Is the ‘Family Bed’ for You?
When Redwood City resident Maeve Jordan’s daughter was born, she didn’t want her sleeping anywhere but by her side. Even the thought of putting her in a co-sleeper attached to the bed made her feel anxious.
For a short time, Jordan worried about dangers such as Sudden Infant Death Syndrome (SIDS) or the baby rolling off the bed. But now it doesn’t concern her at all.
“She doesn’t sleep well if she doesn’t have a warm body next to her,” Jordan says.
Many parents like Jordan embrace the idea of a “family bed,” in which one or both parents share a bed with babies and young children.
Also referred to as co-sleeping, it is standard practice in many parts of the world outside of North America, Europe and Australia. In fact, a 2006 study reported that 93 percent of children ages 3 to 10 co-sleep in India. In poorer parts of the world, families must share a bed because there are no separate beds or rooms and co-sleeping has the benefit of keeping the child warm at night.
Proponents say that it promotes bonding, is convenient for breastfeeding, helps parents get more sleep and protects against SIDS, because parents can monitor the child more throughout the night.
Opponents contend that co-sleeping is dangerous to the baby because of suffocation hazards such as loose pillows and comforters. They also say a parent could smother a child, the child could become overly dependent on parents – stunting confidence and independence – and it may hurt the parents’ relationship because there are few opportunities for intimacy.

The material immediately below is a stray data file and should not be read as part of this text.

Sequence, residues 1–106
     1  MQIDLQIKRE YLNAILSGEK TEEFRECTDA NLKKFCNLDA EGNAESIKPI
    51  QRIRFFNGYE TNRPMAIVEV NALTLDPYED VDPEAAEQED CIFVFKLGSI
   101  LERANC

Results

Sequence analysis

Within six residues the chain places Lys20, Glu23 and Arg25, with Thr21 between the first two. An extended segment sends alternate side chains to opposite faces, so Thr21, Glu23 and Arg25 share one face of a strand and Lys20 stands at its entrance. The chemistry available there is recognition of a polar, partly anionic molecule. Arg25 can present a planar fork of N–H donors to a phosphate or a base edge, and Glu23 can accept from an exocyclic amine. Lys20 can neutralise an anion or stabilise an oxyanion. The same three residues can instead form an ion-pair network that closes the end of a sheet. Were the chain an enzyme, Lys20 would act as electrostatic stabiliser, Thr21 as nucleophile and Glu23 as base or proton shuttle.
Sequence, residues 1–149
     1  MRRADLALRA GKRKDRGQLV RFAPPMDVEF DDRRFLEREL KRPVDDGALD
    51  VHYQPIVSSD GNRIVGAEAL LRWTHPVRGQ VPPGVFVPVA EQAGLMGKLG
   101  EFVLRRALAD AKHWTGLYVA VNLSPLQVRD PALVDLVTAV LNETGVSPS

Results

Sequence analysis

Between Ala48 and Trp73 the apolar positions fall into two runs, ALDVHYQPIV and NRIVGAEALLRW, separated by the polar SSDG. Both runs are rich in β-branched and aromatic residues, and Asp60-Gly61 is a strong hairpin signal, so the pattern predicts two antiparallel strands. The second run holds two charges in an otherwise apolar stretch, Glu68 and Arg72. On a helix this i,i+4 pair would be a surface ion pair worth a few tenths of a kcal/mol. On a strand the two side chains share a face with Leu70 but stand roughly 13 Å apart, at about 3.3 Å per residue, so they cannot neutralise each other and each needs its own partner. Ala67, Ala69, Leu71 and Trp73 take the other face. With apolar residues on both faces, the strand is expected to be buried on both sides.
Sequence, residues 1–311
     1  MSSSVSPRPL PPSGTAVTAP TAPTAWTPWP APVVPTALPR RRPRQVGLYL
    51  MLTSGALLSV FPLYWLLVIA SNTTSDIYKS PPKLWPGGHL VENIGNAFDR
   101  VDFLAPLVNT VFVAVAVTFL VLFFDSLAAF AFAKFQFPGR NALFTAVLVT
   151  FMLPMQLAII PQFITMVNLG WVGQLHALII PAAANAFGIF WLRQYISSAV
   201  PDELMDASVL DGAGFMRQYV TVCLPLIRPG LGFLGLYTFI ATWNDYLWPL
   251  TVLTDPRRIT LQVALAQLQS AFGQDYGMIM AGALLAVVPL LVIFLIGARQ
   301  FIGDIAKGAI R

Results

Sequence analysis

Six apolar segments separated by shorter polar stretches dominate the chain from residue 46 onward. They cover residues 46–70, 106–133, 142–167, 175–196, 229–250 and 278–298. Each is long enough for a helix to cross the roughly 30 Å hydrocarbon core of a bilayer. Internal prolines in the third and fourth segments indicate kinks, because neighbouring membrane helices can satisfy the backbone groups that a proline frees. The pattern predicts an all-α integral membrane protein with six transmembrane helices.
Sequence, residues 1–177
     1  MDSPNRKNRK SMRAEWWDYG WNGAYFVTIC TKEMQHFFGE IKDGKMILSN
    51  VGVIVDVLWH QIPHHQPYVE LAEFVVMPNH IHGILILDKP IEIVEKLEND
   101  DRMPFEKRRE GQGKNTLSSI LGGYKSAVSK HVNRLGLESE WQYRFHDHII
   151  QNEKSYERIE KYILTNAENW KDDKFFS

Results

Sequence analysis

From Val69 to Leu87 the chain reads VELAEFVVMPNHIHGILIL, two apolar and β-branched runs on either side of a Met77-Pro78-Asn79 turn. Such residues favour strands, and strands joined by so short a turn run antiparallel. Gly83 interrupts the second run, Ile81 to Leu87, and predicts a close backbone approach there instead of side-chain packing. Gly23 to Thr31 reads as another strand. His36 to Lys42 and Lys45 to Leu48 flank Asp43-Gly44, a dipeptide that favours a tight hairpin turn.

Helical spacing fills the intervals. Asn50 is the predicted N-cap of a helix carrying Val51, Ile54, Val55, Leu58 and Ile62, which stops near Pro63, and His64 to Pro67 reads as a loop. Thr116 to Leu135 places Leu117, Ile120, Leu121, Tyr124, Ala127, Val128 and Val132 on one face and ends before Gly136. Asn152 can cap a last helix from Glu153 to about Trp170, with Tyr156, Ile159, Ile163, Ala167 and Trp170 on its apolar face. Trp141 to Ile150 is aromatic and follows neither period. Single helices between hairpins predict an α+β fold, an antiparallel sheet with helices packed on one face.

Studies back up some concerns. According to a recent American Academy of Pediatrics report, infant deaths, attributed to accidental suffocation and strangulation in bed – as opposed to a crib – have quadrupled since 1984. They recommend against infants sharing a sleeping surface with adults.
Still, for some who support co-sleeping, it’s more than just a passing fad. Many parents say it helps their children – and them – sleep better. But most parents agree that it does affect their own patterns in bed – sleeping and otherwise.
A Difference of Opinion
San Francisco resident Rosalia Hinojosa has no regrets about co-sleeping with her son.
She originally shared a bed with him because he was born premature and the doctors told her she should try to keep him close to her body as much as possible so he would stay warm.
They also live in a small one bedroom in Noe Valley and don’t have a lot of space for a crib, Hinojosa says.
But now that their son has grown, the bed has become a little crammed.
“He takes over the whole bed,” she says. “We know he needs to move on.”
They tried moving him to his own bed, but he wouldn’t stop crying.
If they do co-sleep with their next child, Hinojosa says she will probably try to wean them from breastfeeding and co-sleeping sooner.
Nonetheless, she says it has been an “incredible bonding experience.”
However, Dawn Musil of Oakland says she doesn’t get the idea of “co-sleeping.”
She admits that when her 11-month-old daughter, Katharine, was a newborn she shared a bed with her occasionally because it was the only way to get her to sleep. But she could never imagine having her sleep between her and her husband every night.